Posted October. 10, 2005 03:03,
The behind-the-scenes story on North Korean college students who hailed Im Su-kyung, at the 1989 Pyongyang Youth and Student Festival (then a student majoring French in Hankuk University of Foreign Studies, and dubbed the flower of Unification) has been released for the first time.
Kim Hyeon-sik, 73, a former education professor in North Korea who escaped in 1991 and who is currently teaching at Yale University as a visiting professor, said last Saturday at the Yeonu Forum held for international cooperation in Fairfax, Virginia near Washington D.C., My four students who met Im were forced to take part in a one-week program for weight gain.
Students who were selected thanks to their good appearance were sent to an international hotel located in downtown Pyongyang where they ate meat, bread, apples, and milk to the point of vomiting for a week. This was a desperate countermeasure to hide their malnutrition.
Kim said that the students were coached to lightly clap when Im entered the stadium, and to clap hard when Im took the platform. If Im spoke positive things about Kim Il Sung and Kim Jong Il, the students were ordered to respond with big applause and cheering. Kim also added, If Ims speech criticized North Koreas political system, they were ordered to frown simultaneously.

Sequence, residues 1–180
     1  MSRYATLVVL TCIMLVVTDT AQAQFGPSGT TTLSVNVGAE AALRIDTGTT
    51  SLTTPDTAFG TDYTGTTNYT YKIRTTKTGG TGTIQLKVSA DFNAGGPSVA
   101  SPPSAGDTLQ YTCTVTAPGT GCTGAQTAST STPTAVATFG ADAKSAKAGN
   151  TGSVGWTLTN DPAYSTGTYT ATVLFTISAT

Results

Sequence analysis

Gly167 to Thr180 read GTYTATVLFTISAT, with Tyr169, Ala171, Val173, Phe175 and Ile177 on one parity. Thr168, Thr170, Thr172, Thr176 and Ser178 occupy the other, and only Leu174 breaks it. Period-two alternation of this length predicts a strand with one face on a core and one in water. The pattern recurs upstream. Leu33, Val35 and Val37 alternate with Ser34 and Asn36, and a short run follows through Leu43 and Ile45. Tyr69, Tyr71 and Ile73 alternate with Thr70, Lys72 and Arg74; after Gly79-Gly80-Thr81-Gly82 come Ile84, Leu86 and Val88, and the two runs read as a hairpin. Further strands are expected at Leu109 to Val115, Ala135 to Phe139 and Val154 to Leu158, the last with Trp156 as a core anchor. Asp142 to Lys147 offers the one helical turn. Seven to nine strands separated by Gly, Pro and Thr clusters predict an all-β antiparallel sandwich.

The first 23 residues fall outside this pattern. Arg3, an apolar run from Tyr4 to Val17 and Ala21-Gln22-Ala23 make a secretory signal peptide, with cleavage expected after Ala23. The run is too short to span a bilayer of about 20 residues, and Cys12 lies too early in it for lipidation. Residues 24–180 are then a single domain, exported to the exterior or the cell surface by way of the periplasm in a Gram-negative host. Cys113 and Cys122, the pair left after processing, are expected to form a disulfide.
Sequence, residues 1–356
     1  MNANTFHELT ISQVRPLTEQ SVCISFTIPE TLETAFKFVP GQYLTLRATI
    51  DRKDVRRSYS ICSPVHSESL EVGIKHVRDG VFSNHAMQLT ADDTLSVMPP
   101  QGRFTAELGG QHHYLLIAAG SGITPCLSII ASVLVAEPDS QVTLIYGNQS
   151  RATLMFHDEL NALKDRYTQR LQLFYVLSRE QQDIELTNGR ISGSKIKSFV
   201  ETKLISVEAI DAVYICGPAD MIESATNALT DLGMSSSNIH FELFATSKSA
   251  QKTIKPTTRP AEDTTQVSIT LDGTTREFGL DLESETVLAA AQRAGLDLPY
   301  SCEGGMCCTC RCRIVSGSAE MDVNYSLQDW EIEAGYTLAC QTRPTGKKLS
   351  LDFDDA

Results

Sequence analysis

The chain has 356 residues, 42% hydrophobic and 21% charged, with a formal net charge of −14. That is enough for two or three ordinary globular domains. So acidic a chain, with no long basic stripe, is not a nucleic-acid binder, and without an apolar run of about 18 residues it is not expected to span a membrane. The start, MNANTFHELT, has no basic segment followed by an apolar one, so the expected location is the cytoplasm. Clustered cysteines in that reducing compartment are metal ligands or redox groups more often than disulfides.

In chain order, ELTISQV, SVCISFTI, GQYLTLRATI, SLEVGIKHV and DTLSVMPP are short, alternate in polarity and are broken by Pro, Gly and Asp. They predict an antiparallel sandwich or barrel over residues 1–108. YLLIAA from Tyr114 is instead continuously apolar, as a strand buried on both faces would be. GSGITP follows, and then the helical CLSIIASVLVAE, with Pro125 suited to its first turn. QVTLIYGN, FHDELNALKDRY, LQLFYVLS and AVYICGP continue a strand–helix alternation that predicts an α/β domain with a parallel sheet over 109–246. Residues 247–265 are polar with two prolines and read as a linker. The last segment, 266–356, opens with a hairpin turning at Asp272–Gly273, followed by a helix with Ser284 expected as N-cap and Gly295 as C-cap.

Kim also introduced one interesting anecdote. To one student who didnt wear socks, Im asked, Why arent you wearing socks? The student was embarrassed because this was an unexpected question. Students had only prepared answers about their majors, future plans, and names.
The student was just staring at professors and party executives next to him without answering the question. As soon as a professor sent a sign that meant relax and just answer, the student aggressively responded by saying, Why did you ask me that question?
He might have misinterpreted the sign we sent, said Kim.
At the end of his lecture, Kim said, I wanted to tell this story to Im when I came into South Korea. But I couldnt because Im was studying in the U.S. at that time.